It is also important to note that if you purchase a vacation home, you are pretty much locking yourself into one main vacation spot for your family. Trust me; it is really hard to convince yourself to visit another area for vacation, especially if you are paying for upkeep on a vacation home. Also, as your children grow and get older, their extra-curricula activities will get in the way of many of your vacations. When they are young, it is easy to plan 3 or 4 family getaways a year, but once they start playing sports, performing in drama, or just attending high school, you will be lucky to go away once or twice a year.

Owning a vacation home is a good investment, but you need to make sure it is the right investment for you and your family. Too often I have seen families purchase a vacation home for all the wrong reasons and not fully think the purchase through. Oftentimes this results in them losing a lot of money to get out of the property, or they end up getting stuck with a property they cannot sell.

In your experience, has owning a vacation home been a good or bad investment?

Let me know with a comment!

About Author

Trey Duling

Trey Duling has been managing and marketing vacation homes in the Orlando and Disney World area since 2001. His passion is helping investors make their vacation homes more profitable. Please visit his website at http://www.orlandovacation.com/home-rentals/.


  1. Brendan Morin

    Thanks for the article, Trey! All great points here, but I’m a hardcore numbers guy. I would love to see some side-by-side investment scenarios of expected returns/hassle factor on vacation property vs buy and hold. What are some of the challenges unique to vacation homes, and how are they overcome? I imagine they can be a headache in downturns, as vacations are probably the first thing many people cut out of the budget in rough times.

  2. Laura Tokgozoglu

    Thanks very much for the article. My husband and I are entering into a new season of life, moving from Maryland to South Carolina.We realized that for the price of one home in Maryland we can buy a residence and a vacation home in South Carolina! You made some very good points.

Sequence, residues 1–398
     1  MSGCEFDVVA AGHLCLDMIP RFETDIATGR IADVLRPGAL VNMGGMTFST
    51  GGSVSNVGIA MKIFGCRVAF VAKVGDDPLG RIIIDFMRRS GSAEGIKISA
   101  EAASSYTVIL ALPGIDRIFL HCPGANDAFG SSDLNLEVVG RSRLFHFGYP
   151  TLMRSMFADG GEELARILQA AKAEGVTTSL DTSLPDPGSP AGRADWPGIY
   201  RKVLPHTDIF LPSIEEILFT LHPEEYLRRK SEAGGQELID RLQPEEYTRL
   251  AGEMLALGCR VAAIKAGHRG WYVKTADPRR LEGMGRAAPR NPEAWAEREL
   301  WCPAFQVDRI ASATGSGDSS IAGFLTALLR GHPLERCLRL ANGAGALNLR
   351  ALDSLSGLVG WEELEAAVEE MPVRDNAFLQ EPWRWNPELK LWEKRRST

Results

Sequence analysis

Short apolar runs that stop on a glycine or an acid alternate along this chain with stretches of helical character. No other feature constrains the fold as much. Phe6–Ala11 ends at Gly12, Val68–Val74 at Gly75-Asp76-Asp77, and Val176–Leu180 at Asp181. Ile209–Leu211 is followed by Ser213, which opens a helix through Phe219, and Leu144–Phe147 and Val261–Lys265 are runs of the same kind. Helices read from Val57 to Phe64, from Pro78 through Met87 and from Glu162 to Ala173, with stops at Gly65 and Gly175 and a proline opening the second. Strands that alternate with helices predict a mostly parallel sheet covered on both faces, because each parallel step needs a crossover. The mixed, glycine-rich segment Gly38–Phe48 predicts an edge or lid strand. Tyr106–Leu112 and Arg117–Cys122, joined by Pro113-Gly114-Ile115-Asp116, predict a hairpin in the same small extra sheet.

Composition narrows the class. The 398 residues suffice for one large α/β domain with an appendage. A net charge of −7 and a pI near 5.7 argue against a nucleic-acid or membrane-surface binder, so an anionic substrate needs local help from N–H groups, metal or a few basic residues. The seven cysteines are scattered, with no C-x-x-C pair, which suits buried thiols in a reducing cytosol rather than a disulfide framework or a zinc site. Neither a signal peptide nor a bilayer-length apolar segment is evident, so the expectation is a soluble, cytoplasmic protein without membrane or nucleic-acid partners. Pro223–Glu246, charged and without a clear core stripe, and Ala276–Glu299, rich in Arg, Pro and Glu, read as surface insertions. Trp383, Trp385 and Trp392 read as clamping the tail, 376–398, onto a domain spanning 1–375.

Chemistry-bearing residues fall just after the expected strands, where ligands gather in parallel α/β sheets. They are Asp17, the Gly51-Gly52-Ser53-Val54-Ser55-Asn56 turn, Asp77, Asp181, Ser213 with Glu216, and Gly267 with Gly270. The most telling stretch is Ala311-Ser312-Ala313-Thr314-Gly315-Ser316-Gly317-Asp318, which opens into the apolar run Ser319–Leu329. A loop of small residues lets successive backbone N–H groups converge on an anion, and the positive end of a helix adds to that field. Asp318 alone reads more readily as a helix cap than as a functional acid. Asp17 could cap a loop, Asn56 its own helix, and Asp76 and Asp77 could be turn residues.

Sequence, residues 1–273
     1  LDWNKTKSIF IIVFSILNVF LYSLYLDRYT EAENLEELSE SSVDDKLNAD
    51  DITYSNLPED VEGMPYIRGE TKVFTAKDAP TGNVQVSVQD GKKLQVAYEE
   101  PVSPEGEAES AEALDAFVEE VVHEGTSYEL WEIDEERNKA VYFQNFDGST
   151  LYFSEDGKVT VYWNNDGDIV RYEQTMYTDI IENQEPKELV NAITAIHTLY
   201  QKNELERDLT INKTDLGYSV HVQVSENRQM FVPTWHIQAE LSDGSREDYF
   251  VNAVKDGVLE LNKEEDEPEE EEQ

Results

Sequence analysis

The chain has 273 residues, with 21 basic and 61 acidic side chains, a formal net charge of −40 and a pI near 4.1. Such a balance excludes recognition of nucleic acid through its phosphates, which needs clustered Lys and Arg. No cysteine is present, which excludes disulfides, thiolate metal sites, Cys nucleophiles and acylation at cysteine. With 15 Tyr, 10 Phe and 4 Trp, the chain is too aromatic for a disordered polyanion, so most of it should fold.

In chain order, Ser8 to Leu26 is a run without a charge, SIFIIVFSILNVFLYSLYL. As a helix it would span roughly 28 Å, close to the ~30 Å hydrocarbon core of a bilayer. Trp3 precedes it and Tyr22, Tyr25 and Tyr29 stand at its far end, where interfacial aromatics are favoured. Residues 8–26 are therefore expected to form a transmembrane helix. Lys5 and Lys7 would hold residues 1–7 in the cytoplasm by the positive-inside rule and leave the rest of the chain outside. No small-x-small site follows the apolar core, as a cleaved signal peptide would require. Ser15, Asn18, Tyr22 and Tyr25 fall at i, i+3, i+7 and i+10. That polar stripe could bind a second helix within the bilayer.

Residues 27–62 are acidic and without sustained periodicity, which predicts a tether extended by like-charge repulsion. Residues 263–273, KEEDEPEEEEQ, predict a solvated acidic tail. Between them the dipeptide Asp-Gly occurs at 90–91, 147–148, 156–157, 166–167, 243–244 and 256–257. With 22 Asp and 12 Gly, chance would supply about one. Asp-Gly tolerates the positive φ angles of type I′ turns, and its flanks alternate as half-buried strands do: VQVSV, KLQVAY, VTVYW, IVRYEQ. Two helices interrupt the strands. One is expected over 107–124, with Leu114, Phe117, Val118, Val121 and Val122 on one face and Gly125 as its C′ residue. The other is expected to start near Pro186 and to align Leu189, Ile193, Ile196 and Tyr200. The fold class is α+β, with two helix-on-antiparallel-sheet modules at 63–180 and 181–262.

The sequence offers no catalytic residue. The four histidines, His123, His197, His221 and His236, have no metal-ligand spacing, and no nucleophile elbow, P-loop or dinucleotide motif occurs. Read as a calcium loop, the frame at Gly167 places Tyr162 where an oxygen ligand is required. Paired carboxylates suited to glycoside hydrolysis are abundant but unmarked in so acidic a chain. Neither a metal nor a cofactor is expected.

3. Nick W.

    I would also add that if you log enough hours (i seem to remember 750 being the magic number although this might be outdated) managing your rental property and dealing with construction/repairs/improvements you can recoup a lot of the money spent (ie your vacations may end up being free).

    Read up on it (IRS Publication 463 is probably a good place to start), or consult a professional on the ever changing legalese surrounding this.

    Maybe we can get one to weigh in here???

  4. Tim McCarthy

    Remember you can only stay in your vacation home 14 days to take full advantage of the tax benefits, but days that you are maintaining the house do not count against the 14. We have a vacation home in Emerald Isle that we rent during the peak summer months, from Memorial Day to early August, the rest of the year it is used by family and friends. My favorite months at the beach are September and October, water still warm, cooler weather, and far fewer crowds. The saltwater environment is very hard on a house so the maintenance is never ending.

  5. Darren Sager

    This is a topic we’re strongly considering going forward. Thanks for this article Trey. I know my brother has wanted to invest in rentals around Disney for quite some time. I should have him reach out to you .

Leave A Reply

Pair a profile with your post!

Create a Free Account


Log In Here